Some girls grow up their whole lives wanting to be mothers. They carry dolls, babysit for the neighbors, and squeal as soon as a newborn arrives for family gatherings in a decidedly adorable wintertime outfit. While I never put myself in this category the prospect of a family and children in the distant future was definitely appealing. It seems only natural to want children, little bundles of our own genetic makeup who will grow into unique individuals. The essence of ourselves lodged securely in tissue, muscle and identity of another.
And apparently I’m not alone in this sentiment. According to BBC, Huffington Post, and National Geographic, the current world population has reached seven billion people . CNN has tried to quantify this number in terms that we can wrap our minds around:
- If you took 7 billion steps along the Earth’s equator — at 2 feet per step — you could walk around the world at least 106 times.
- Seven billion ants, at an average size of 3 milligrams each, would weigh at least 23 tons (46,297 pounds).
- Suppose an average thimble holds 2 milliliters of water. Seven billion of those thimbles would fill at least five Olympic-sized swimming pools.
Some scientists report that the UN prediction is premature and the population will not reach the seven billion part until 2012 or 2013. The evidence that this number will be reached however, is fairly absolute. In the last 21 years the world population have increased by almost two billion people and the number is not expected to decrease any time soon.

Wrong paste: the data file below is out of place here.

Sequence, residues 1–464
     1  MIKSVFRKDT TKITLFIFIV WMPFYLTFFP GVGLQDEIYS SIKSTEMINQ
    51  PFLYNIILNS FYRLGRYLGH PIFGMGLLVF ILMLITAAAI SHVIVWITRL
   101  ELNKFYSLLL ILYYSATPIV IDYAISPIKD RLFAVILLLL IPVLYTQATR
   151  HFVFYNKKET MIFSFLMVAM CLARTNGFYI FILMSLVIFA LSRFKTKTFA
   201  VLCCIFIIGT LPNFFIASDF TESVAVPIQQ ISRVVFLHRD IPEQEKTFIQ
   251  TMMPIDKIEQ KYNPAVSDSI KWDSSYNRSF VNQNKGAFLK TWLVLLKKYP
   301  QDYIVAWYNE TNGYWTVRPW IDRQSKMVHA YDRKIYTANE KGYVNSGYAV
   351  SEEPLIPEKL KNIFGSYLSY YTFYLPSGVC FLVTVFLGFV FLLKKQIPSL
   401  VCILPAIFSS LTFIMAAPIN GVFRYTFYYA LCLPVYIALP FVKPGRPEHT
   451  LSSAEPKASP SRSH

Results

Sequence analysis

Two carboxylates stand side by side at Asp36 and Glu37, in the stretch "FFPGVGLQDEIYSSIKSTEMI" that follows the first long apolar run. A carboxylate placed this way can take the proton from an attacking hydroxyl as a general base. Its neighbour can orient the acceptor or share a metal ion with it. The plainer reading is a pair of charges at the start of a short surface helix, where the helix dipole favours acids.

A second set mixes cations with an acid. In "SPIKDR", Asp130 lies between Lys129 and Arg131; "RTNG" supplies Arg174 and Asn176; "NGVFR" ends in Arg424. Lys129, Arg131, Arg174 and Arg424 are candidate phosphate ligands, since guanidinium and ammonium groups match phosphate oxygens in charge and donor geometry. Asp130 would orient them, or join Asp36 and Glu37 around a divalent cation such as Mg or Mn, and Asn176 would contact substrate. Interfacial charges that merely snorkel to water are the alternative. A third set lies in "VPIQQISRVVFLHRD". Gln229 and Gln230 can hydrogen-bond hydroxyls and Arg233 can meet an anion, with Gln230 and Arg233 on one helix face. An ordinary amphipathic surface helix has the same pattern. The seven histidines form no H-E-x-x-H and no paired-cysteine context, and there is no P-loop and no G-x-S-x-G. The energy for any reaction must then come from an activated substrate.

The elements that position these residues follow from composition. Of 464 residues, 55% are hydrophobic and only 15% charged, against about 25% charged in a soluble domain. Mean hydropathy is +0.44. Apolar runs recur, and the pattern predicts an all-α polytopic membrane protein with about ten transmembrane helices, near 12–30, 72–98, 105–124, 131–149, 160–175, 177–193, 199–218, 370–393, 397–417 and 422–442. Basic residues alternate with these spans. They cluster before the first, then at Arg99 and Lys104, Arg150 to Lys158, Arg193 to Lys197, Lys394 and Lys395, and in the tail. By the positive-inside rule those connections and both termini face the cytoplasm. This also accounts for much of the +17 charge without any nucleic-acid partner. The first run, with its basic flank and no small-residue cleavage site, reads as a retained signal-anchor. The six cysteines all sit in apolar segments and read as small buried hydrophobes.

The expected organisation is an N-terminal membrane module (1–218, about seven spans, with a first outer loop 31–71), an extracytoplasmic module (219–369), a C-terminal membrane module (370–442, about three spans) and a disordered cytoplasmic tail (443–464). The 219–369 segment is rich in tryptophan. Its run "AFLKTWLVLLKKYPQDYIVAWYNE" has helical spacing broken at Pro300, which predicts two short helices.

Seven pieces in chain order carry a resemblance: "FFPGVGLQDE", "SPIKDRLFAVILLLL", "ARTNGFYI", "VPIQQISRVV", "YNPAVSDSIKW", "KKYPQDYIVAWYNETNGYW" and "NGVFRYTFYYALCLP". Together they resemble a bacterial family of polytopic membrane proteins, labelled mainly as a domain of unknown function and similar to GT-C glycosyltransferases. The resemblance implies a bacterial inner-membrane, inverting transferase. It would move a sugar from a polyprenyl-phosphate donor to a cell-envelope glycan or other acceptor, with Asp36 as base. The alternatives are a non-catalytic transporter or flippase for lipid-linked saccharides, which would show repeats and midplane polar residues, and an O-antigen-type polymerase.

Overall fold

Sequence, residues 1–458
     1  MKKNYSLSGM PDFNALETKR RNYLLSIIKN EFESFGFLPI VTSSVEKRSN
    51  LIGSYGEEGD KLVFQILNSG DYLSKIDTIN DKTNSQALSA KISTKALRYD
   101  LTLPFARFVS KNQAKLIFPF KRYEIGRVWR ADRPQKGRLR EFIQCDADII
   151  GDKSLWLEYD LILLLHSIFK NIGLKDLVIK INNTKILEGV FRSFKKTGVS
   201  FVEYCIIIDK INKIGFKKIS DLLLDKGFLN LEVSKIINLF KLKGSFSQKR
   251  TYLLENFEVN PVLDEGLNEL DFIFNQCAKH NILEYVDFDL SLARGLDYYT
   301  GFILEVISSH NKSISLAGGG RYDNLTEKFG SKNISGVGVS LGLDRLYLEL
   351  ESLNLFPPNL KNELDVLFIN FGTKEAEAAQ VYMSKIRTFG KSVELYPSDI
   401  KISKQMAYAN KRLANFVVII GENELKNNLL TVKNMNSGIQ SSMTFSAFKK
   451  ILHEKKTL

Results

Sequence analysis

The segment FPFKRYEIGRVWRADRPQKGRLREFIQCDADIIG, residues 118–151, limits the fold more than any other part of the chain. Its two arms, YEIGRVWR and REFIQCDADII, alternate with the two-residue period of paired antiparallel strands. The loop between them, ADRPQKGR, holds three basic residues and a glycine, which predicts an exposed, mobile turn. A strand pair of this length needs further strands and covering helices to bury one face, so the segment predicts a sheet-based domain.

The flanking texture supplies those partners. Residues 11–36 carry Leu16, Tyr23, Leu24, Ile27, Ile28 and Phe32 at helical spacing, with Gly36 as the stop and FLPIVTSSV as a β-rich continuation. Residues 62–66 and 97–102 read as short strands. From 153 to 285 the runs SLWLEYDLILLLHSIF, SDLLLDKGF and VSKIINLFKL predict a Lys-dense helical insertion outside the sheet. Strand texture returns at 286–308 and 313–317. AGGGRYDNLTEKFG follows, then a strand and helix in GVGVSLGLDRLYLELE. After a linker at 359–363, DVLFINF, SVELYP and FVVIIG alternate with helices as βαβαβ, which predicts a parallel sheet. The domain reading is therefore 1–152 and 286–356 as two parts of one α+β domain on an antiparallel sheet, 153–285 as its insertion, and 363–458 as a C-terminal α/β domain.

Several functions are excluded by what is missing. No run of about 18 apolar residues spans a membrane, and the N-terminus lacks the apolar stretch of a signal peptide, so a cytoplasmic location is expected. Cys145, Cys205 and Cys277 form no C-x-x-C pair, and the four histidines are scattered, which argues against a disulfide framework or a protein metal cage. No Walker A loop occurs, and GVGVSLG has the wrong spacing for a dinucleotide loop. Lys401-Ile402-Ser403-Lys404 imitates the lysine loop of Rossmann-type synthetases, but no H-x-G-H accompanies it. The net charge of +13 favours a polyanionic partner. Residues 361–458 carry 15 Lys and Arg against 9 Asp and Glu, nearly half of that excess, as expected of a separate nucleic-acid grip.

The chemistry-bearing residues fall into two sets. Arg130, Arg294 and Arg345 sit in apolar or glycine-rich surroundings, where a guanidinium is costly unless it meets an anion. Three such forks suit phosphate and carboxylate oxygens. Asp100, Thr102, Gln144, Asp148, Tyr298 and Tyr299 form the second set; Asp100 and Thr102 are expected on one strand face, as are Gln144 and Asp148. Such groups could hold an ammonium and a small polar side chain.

Frances Lappé in World Hunger examines the myths associated with global hunger. She argues that overpopulation is not directly correlated with hunger and instead attributes perceived food shortage to prevalence of inequality in resource distribution and land use. Much of the population growth occurs in economically developing countries where large families are investments in labor and productivity as a means to survive.
So what does that mean for my ten or twenty year plan? Will I feel the effects of 7,000,000 people eating, breathing, building, consuming around me? Do I have an obligation to the prosperity of future generations not to have children?
Arguably, the world population estimates should not determine whether or not I decide to have a child and start a family. But it raises the larger questions dealing with the relationship between individual contribution and the global community. As an America, my ecological footprint is significantly higher than many people in Africa and South East Asia. I wonder how the birth of one child in a developed country compares to a child born in Ethiopia or Bangladesh. The world population statistics are still broken up into population by country, by socioeconomic class, by gender and by race. Our global society will not curtail this exponential population increase until all groups of people are viewed as a collective body of human beings. Seven billion people is still nothing more than a series of ones. One species. One planet. One hope.
For more facts and information, check out:
Grist posted a Science video titled “7 billion in 7 minutes.” Click here.